Google maps Japan
The capital and other divisions
Capital city: Tokyo found under the coordinates 35 41 N, 139 45 E, applying the time zone UTC+9 (14 hours ahead of Washington, DC, during Standard Time), using the following daylight saving time: none.
Tokyo is the capital of Japan and one of the most visited cities in the world. With a lot of variety, excellent transportation, and an exciting history, this city has much to offer! A city of complex layers and many faces, Tokyo is the place where you can find anything from cuisine to shopping.
Japan became independent on 3 May 1947 (current constitution adopted as an amendment to Meiji Constitution); notable earlier dates: 11 February 660 B.C. (mythological date of the founding of the nation by Emperor JIMMU); 29 November 1890 (Meiji Constitution provides for constitutional monarchy), and its’s national holiday is Birthday of Emperor NARUHITO, 23 February (1960).
Administrative divisions: 47 prefectures; Aichi, Akita, Aomori, Chiba, Ehime, Fukui, Fukuoka, Fukushima, Gifu, Gunma, Hiroshima, Hokkaido, Hyogo, Ibaraki, Ishikawa, Iwate, Kagawa, Kagoshima, Kanagawa, Kochi, Kumamoto, Kyoto, Mie, Miyagi, Miyazaki, Nagano, Nagasaki, Nara, Niigata, Oita, Okayama, Okinawa, Osaka, Saga, Saitama, Shiga, Shimane, Shizuoka, Tochigi, Tokushima, Tokyo, Tottori, Toyama, Wakayama, Yamagata, Yamaguchi, Yamanashi.
People and society
One of the most racially homogeneous societies in the world. A sense of order and social structure was founded on strongly ingrained respect for elders and social superiors. This underpinned the now much-diluted “lifetime employer” concept in business, where company allegiance determined social life and career. There is little tradition of generational rebellion, but the youth market is robust and current fashions focus on teenagers. The education system is highly pressurized. Nongraduates have difficulty reaching management-level jobs, so competition for university places is intense. Long-term jobs for women are now the norm. One of the worlds best healthcare systems and increased longevity have led to an aging population, with one in four people already over 65. The cost of living is high, especially in Tokyo.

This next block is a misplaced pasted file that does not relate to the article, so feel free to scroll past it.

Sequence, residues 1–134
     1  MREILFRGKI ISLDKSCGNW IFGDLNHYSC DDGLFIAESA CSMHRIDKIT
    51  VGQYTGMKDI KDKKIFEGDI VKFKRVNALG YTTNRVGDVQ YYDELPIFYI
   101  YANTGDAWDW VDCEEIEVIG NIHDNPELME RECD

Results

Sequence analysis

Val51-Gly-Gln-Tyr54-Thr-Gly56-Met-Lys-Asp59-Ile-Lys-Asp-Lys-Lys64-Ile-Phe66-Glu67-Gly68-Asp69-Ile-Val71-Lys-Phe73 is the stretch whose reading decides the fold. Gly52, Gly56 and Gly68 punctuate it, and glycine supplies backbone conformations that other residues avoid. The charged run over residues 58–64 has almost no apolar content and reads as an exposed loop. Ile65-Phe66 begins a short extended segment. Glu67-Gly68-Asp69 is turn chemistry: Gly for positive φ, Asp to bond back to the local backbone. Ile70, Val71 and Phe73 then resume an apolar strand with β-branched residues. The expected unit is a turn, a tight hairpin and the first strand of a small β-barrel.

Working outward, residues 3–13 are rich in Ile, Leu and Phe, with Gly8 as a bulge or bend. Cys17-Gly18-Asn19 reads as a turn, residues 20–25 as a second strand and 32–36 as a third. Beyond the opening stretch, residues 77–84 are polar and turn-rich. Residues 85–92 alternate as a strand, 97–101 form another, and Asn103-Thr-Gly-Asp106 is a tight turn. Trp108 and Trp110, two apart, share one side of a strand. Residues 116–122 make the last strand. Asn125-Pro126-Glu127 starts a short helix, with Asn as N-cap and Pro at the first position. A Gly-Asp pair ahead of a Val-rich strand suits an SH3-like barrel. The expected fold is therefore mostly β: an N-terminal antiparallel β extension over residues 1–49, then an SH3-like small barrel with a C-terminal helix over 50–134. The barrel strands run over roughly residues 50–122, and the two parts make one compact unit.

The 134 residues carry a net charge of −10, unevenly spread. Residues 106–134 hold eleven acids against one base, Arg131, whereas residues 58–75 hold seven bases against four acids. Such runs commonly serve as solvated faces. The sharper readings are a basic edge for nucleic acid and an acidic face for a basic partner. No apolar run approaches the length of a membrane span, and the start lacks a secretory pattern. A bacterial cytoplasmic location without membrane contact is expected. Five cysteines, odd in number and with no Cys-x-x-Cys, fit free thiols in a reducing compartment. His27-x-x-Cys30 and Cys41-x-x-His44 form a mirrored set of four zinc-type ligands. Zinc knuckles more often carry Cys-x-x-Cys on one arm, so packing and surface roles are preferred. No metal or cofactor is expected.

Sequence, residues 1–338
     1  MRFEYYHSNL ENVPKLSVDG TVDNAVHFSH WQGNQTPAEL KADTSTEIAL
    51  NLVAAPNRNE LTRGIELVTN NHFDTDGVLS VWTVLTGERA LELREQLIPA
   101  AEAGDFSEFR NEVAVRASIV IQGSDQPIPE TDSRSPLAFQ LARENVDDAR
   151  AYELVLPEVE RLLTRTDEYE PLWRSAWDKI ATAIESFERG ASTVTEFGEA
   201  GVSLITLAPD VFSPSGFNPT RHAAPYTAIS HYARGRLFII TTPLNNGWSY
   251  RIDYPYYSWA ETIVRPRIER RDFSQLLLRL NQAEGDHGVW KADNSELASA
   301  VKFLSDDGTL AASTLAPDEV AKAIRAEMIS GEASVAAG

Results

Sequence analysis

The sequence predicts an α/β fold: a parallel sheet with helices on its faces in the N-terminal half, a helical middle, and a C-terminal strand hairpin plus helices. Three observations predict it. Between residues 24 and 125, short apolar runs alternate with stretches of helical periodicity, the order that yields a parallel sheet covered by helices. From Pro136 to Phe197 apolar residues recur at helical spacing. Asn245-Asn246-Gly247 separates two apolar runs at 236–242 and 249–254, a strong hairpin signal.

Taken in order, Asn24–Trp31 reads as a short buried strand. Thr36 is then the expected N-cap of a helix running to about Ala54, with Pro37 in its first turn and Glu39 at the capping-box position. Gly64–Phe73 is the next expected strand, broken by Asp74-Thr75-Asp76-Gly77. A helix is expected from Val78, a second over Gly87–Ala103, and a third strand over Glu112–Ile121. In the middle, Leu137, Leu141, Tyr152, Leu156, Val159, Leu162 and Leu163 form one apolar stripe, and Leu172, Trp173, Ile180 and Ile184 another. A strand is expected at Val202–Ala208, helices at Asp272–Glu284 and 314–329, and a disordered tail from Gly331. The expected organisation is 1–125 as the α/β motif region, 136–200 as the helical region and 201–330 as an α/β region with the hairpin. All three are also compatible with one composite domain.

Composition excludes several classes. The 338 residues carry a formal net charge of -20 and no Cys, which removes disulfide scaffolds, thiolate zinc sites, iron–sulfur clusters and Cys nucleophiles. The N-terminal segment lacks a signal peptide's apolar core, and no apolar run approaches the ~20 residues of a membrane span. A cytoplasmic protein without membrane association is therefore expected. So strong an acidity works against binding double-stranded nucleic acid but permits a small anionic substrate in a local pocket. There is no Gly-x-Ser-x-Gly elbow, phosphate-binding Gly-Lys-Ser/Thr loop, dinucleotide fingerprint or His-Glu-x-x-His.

The population in Japan is 124,687,293 (July 2021 estimate), with an average of -0.37% (2021 estimate) change. That means Japan is the No. 11 in the world’s populated rank list. With an average of 48.6 years median age (47.2 years for males and 47.2 years for women), Japan ranks No. 2 on the globe’s median age rank list.
The people living in this country are the Japanese (also singular and plural) (noun) or Japanese (adjective) and belong mainly to the following ethnic groups: Japanese 97.9%, Chinese 0.6%, Korean 0.4%, other 1.1% (includes Vietnamese, Filipino, and Brazilian) (2017 estimate). Note: data represent population by nationality; up to 230,000 Brazilian Japanese origins migrated to Japan in the 1990s to work in industries; some have returned to Brazil.
They speak Japanese languages and practice the following religions: Shintoism 69%, Buddhism 66.7%, Christianity 1.5%, other 6.2% (2018 estimate). Note: total adherents exceed 100% because many people practice Shintoism and Buddhism.
We can conclude the following about the population in Japan: All primary and secondary regions of high population density lie on the coast. One-third of the population resides in and around Tokyo on the central plain (Kanto plain). In Japan, we talk about 91.9% (2021) of the total population lives in cities. Most of them reside in the following municipalities: 37.340 million, Tokyo (capital city), 19.111 million, Osaka, 9.566 million, Nagoya, 5.516 million, Kitakyushu-Fukuoka, 2.930 million, Shizuoka-Hamamatsu, 2.670 million, Sapporo (2021).